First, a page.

Trying to conceive in 2020? What you can do to increase your chance of pregnancy in the new year
New Year, New Cycles, New Hopes
Often, a new year brings with it a new set of goals, hopes, and dreams. Maybe this is the year you are trying to get pregnant, or the year you’ve decided to start fertility treatment because you have had difficulty trying on your own. Many men and women do not know a lot about their fertility and what everyday factors can potentially impact their success of conceiving. Here we breakdown what you should and should not do when trying to conceive.
Make sure you are mentally ready
While there have been studies to suggest that chronic or severe stress can impact pregnancy rates, if you are trying to conceive, it’s unlikely that moderate stress will significantly affect fertility. However, if severe stress and infertility are something you have experienced, “just relaxing” is unlikely to solve the problem. Fertility is so much more complex than simply reducing the amount of stress in your life. In fact, when we tell couples who are struggling to conceive to “just relax,” it probably does more harm than good. First, it inadvertently blames the couple, often times the woman, for her inability to conceive because of stress. Second, it diminishes the fact that infertility is a true medical diagnosis. Just as we wouldn’t tell a person with chronic high blood pressure, “just relax and your blood pressure will go back to normal,” it isn’t fair that we put that expectation on a couple struggling to conceive.
That being said, trying to conceive or dealing with infertility can create a significant emotional burden on both partners. It is important to make sure you are doing everything you can to take care of your mental health as you prepare for a pregnancy. Whether this means exercise, yoga, meditation, acupuncture, or talking to a therapist, do what you need to feel your best emotionally.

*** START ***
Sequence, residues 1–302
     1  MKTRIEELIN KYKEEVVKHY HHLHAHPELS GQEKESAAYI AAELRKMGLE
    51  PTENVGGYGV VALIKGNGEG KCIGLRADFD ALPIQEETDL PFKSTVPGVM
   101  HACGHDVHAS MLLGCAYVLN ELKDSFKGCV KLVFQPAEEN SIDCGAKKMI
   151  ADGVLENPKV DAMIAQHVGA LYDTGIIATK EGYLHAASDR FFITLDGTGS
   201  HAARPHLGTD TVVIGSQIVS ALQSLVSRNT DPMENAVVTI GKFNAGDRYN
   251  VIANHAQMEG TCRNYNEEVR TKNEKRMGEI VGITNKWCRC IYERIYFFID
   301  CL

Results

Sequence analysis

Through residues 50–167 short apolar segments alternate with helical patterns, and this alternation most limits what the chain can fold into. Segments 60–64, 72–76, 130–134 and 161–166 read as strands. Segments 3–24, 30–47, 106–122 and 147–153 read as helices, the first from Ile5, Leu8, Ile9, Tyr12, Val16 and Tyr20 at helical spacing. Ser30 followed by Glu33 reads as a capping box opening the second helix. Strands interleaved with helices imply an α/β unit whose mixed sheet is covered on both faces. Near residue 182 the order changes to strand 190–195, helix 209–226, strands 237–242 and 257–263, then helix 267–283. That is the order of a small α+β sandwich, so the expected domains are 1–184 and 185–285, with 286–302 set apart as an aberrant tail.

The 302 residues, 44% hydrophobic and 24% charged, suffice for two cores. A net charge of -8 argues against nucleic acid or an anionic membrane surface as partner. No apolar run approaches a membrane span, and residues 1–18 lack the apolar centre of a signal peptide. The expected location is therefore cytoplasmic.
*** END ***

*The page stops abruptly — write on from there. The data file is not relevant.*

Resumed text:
Think healthy lifestyle—NOT crash dieting
I like to think of this category as heath optimization. Doing a crash diet in January to lose holiday weight, only to revert back to unhealthy eating in February, is not helpful or healthy for your body. Women who are under or overweight may have a higher risk of pregnancy complications including miscarriage, preterm birth, and birth defects. And while no one particular diet, herbs, or supplements has been shown to significantly improve fertility, women with polycystic ovary syndrome (PCOS) or those who struggle with obesity may want to limit their carbohydrate intake, as this can improve their insulin levels and overall reproductive/endocrine health. Ultimately, a healthy diet and manageable exercise program should be a long-term commitment to your overall health and wellness.
Limit toxins by eliminating (or, in the case of caffeine,m significantly reducing) smoking, caffeine, alcohol, and drug use. Smoking can cause significant negative impacts on female fertility. It has been linked to higher rates of infertility, diminished egg quality, faster follicular depletion and a higher rate of miscarriage.
High levels of caffeine have similarly been linked to an increased risk of early pregnancy loss and, thus, we recommend limiting caffeine intake to 200 mg or less (usually about two cups of coffee per day).